Now Mock finds himself competing against left-hander Scott Olsen and right-hander J.D. for the final spot in the rotation.

Mock didn’t do himself any favors Tuesday afternoon against the Marlins, allowing six earned run — four earned — in 4 2/3 innings. Even worse, he walked five batters and struck out three. He threw 96 pitches, 57 strikes.

“The outing speaks for itself. I can’t say much about it. You saw it,”  manager Jim Riggleman said. “He was good for two or three hitters in a sequence. He would throw to a couple of hitters and leave the balls up in the zone and get hit.”

Mock’s worst inning was the fifth. He was able to get two quick outs, but he walked Ronny Paulino and gave up a double to Gaby Sanchez to put runners on second and third. Mock had Bryan Petersen, 0-2, but Mock couldn’t throw a strike and walked Petersen to load the bases.

Mock was taken out of the game in favor of right-hander Jason Bergmann, who allowed five straight hits before retiring Mike Lamb to end the inning. 

“His stuff wasn’t bad, but he was throwing a lot of pitches per inning,” pitching coach Steve McCatty said about Mock. “Ninety-six pitches, you should pitch seven innings. There were some foul balls, but you still have to be more aggressive because he wasn’t able to get out of that inning. … I don’t know if he was tired. I don’t think so. He didn’t make the pitch he needed to make.”

Mock most likely pitched his final game of the spring. Did he hurt his chance to be in the starting rotation?

“No, I don’t think so,” Riggleman said. “The choices are not that varied. We know we are going to pick between him .J.D. and Olsen. They are doing OK, but none of them are grabbing the job.”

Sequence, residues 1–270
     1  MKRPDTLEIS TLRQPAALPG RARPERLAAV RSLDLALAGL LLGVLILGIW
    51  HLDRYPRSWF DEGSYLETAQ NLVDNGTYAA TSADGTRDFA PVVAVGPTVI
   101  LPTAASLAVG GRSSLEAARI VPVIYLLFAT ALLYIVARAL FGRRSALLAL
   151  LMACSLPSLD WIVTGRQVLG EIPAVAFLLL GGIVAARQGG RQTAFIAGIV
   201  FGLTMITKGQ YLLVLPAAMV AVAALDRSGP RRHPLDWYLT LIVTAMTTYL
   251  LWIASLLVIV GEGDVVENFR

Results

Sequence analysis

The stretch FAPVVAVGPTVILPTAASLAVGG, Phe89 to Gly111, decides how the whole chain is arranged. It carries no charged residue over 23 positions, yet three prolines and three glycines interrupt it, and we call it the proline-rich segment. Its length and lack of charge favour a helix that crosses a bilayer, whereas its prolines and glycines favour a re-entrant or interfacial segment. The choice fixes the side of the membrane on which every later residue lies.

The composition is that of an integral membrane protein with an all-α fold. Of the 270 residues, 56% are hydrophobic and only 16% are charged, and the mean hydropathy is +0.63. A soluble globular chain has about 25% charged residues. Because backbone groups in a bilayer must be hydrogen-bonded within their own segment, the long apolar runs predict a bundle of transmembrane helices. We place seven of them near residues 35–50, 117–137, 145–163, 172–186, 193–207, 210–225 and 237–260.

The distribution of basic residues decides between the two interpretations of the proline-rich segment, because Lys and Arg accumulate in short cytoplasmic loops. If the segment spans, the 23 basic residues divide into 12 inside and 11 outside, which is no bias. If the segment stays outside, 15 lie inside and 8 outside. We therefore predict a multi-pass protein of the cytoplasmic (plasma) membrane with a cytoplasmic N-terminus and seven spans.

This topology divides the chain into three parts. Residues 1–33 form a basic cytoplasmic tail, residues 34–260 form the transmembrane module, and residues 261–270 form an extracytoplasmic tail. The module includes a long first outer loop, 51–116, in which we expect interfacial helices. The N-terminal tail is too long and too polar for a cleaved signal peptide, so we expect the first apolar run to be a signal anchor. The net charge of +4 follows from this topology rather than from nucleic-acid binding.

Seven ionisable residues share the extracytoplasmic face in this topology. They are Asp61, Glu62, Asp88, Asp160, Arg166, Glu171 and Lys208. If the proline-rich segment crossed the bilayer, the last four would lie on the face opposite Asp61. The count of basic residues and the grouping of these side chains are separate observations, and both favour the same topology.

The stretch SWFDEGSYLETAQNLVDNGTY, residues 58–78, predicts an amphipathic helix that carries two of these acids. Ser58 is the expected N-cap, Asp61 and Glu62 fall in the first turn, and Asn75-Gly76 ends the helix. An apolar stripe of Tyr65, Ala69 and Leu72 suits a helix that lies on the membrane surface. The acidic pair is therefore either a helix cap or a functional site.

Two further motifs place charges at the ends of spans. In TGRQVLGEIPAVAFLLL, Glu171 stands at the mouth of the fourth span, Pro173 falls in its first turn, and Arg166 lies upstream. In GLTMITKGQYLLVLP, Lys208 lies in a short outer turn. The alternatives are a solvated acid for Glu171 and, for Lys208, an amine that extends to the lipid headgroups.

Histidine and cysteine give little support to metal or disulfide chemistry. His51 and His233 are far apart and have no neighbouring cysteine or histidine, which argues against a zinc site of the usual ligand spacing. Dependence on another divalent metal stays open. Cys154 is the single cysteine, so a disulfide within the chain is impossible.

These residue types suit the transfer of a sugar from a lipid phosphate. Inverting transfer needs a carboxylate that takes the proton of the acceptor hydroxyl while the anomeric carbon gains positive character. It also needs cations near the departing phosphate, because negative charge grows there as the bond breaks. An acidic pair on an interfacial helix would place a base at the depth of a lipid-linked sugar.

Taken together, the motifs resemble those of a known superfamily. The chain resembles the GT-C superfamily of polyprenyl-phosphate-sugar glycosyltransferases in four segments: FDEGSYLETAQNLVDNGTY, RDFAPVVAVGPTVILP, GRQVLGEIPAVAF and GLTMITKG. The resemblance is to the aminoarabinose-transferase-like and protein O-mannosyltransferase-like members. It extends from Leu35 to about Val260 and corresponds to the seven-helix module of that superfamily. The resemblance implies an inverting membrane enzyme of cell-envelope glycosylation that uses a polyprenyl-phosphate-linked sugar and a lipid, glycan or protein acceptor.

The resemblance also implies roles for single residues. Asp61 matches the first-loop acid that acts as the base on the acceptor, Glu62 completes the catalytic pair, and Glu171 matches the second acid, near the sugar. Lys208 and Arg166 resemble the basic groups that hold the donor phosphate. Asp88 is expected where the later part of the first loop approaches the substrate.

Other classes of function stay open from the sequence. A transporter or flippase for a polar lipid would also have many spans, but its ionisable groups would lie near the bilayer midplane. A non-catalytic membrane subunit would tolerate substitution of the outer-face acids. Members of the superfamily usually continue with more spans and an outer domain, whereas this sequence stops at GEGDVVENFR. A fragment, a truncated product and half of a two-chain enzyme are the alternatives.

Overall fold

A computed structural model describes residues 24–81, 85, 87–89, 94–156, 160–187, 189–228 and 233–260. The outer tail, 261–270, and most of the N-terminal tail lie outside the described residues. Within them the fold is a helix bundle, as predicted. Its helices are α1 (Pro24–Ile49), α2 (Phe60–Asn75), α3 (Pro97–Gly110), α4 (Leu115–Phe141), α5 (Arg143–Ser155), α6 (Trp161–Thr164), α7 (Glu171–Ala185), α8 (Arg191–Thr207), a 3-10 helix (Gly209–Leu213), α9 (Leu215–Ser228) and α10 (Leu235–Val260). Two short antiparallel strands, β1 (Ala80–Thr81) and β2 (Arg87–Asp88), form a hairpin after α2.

Nats need to determine right field, bullpen

Before playing their home opener Monday against the Phillies, the Nationals have to determine who will platoon with Willie Harris in right field and be their seventh man out of the bullpen.

With Harris as the left-handed hitter, Washington is looking for a right-handed hitting complement. The choices are Mike Morse and Willy Taveras. Entering Tuesday’s action, Taveras had slim lead to be the guy, hitting .289. But Morse has come on strong lately, going 3-for-4 with two runs scored to raise his average to 288 after the Tuesday’s game against the Marlins. Taveras went hitless in three at-bats in the same game.

Versatility may be the deciding factor, however. While Taveras can play all three outfield positions, Morse can play at least six — corner outfield spots and all four infield positions.

“I’m just playing. I’m just having fun. The competition is the last thing I’m thinking about,” Morse said. “When I go out there and have fun, my talent comes out. Whatever happens, happens. I think one of us can help the team out. I’m going to keep trying to get some quality at-bats.”

As for the bullpen, the Nationals are seriously thinking about adding an extra reliever and not carry that fifth starter. The Nationals don’t need the fifth man until April 11 against the Mets.
Left-hander Jesse English and right-hander Todd Walker are two guys who have a chance to claim that final spot. Since his first outing of the spring, English hasn’t allowed a run in last five innings and has struck out eight batters.                          

“He’s pitching well,” manager Jim Riggleman said. “He is a guy who is taking advantage of an opportunity. He is competing for a job and he making a nice statement for himself like Craig Stammen did. So we have to consider that when we put the roster together.”

In his last six outings, Walker has allowed two runs in 5 2/3 innings, while striking out five batters. It helps that he is healthy and his pitching mechanics are in order.

Walker couldn’t say that early in the spring as he gave up 11 runs in his first two outings. Walker had lower back issues, but decided to gut it out. It proved to be a mistake, but Walker never used his injury as an excuse. He wanted to make early impression by overpowering hitters. 

Riggleman names four pitchers for rotation [updated]

Nationals manager Jim Riggleman named four members of his rotation Monday. He said John Lannan, Jason Marquis, Craig Stammen and Livan Hernandez will be the four pitchers in that order.